Still, others need to know, don't they?

So it's a fair question, I suppose, but my opinion is that Abraham committed neither adultery nor fornication with Hagar. Abraham's behavior was perfectly normal and "legal" in Abraham's day. A wealthy man often had more than one wife or quasi-wives, concubines. There was no written law of Moses at the time, and even the law of Moses didn't make Abraham a sinner. So I don't consider Ishmael "illegitimate," and plainly Abraham didn't either.

This is just my opinion on this. Others may and probably do disagree. But what is noteworthy in the story in Genesis is that there is not a even a mention of a shadow of condemnation from the Lord toward Abraham over this. David sinned and he was rebuked for his sin. But Abraham is not rebuked or corrected at all. So I think it presumptuous of us to find sin in scripture when scripture does not say it, unless it is something plainly obvious.

Abraham was living his life in God's grace. Grace is God being Himself in us, hiddenly, calling us "up" to Himself in our consciousness and faith, even while He is already running the show without our knowing it! We are waking up to what ALREADY IS, not something we conjure up and make happen because we believe the right things and say the right words. That's magic, and we aren't talking about magic.

When I say Abraham is "just living his life" I am meaning that once Abraham has entered the kingdom, and been "counted righteous" (which means IT IS REALLY SO), then everything from then on out is under the "umbrella" of the righteousness of God which dwells within him. Abraham had no supposed righteousness "of his own," but only knew that righteousness OF GOD which was Abraham's (and ours) by grace through faith (receiving).

I just don't worry about sin! Fahgeddaboudit!!!! God has said to anyone who will hear, "Thou art my beloved son, in whom I am well pleased." When you hear that word you arise from the water of baptism, maybe take a side-route into the desert for awhile, but come back in the power of the Spirit to "go about doing good and healing all who are oppressed of the devil, for God is with you." (Acts 10:38) (Hint: if it applied to Jesus and He lives in you, then it also applies to YOU!)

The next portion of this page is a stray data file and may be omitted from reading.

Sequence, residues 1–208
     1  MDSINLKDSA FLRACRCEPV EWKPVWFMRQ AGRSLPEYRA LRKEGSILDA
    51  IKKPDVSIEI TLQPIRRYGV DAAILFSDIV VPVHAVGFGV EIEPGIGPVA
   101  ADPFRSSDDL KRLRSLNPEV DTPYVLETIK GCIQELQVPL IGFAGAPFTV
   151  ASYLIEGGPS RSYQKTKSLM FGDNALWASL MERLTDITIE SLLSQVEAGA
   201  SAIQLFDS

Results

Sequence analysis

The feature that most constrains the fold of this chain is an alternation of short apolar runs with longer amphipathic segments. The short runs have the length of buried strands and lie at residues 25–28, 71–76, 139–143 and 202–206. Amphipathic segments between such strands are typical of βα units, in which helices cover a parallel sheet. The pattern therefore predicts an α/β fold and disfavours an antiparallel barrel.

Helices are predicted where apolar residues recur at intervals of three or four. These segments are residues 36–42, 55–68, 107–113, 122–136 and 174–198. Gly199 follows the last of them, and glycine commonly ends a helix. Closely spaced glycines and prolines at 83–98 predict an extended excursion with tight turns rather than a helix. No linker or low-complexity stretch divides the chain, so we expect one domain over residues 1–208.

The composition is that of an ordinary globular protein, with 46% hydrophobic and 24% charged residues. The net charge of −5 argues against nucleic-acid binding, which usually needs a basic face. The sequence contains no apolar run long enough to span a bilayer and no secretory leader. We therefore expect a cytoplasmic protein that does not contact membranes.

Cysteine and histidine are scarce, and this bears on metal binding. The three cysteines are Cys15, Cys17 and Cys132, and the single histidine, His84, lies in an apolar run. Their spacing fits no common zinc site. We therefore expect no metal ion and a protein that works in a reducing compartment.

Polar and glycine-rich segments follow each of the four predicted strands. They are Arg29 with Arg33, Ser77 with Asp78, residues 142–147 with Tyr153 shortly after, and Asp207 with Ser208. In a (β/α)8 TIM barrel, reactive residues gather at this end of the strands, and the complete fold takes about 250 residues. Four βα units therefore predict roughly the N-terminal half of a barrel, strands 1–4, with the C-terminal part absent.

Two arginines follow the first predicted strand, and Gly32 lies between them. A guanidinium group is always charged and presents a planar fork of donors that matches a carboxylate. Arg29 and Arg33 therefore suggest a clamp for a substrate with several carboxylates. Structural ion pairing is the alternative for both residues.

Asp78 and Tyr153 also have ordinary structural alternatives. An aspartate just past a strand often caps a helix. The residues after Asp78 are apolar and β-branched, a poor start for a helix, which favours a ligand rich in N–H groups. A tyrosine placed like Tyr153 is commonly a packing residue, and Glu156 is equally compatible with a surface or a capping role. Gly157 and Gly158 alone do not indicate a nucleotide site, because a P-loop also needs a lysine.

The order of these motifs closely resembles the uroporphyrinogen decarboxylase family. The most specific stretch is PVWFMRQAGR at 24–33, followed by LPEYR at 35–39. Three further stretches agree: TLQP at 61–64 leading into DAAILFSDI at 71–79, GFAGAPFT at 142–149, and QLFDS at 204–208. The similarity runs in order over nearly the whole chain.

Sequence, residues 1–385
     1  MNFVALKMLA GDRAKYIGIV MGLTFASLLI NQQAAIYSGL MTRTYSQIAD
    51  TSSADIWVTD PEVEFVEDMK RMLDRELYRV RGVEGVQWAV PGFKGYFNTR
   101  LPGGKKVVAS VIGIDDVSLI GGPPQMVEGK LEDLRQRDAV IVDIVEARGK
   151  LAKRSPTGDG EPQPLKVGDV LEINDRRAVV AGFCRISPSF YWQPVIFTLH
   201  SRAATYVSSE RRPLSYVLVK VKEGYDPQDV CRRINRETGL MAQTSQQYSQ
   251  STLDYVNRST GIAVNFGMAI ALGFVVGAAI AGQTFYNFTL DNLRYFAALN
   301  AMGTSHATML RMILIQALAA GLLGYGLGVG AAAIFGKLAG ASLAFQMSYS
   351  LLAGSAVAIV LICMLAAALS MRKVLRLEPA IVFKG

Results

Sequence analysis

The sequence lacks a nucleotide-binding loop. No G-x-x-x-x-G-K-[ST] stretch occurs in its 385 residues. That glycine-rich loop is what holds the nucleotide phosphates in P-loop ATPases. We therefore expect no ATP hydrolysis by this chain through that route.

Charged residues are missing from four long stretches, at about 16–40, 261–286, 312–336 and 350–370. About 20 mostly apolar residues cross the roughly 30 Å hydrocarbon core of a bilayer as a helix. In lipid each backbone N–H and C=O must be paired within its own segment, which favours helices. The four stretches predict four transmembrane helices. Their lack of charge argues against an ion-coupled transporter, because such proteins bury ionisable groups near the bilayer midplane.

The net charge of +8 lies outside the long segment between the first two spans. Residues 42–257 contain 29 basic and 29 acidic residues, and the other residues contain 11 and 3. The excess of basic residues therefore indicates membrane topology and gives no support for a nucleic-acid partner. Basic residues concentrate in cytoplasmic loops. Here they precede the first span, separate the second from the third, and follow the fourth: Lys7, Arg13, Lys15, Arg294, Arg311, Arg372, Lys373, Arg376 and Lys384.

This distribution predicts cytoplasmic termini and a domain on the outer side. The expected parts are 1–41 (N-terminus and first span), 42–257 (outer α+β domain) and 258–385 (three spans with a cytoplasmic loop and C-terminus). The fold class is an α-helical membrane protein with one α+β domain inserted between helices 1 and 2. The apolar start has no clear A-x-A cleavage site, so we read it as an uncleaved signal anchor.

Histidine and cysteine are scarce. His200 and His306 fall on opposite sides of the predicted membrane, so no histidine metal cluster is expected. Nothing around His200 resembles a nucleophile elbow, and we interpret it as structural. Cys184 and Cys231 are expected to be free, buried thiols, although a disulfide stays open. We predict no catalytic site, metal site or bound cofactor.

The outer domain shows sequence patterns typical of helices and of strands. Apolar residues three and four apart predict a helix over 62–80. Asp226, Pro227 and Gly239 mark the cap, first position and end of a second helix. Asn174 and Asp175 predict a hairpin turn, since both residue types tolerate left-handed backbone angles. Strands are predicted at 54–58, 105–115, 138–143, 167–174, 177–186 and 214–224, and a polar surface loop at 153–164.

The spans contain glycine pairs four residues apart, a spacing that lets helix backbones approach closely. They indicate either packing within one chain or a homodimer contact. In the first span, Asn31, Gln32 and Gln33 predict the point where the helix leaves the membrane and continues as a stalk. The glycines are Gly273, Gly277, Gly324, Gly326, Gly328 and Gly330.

This is where we find we "always do his will." How can that be, since it does not seem like that? Because we have learned to see the invisible and to KNOW that is the real, and to trust God in what is Real, and to leave all to him, ALL to him, reserving nothing at all to do, to be, to think, to say, for ourselves. And then you find you DO His will, you WORK His works, you THINK His thoughts, you SPEAK His words. Not by ONE THING WHATSOEVER you do humanly, but because He lives in you and does the works, all of them, from A-Z, alpha to omega, start to bottom, totally. (What would anyone reserve for themselves?)

And even if there is sin, it works something positive. Everything, good or evil, right or wrong, gentle and loving or hateful and violent, works the work of God to the good of those who love Him and are the called according to His purpose.

How much more complete can it be and how can there be ANYTHING, positively ANYTHING, to worry about or fret over? "In the world ye shall have tribulation, but be of good cheer, I have overcome the world."

Now, that might not seem to be such good news, if Jesus has "overcome the world," but He still lives way off up in heaven in some blissful beatific state. It IS good news if He has come to live in us and take over the dying in us to make it his dying, and to take over the living in us by being the life that is manifested out of our mortal flesh. When Jesus was way off up in heaven in my consciousness, it didn't seem to help ME that much if Jesus had overcome the world, but if in the midst of my "tribulations" He has overcome the world in ME, which I now know to be the Truth, then that is good news, great news, the best news indeed!

No more sin. The sacrifice once offered has taken away a consciousness of sins once for all. We no longer live in it. It's gone. As far as the east is from the west. (Heb 10, Rom 6, etc.)

There is simply nothing more to say, except to encourage us all to rise up, to drop the graveclothes of shame, condemnation, self-disparagement, and to affirm the truth, "God is mighty in ME!," and "rivers of living water" are flowing out of our bellies! (Gal 2:8; John 7:38)

Just say it.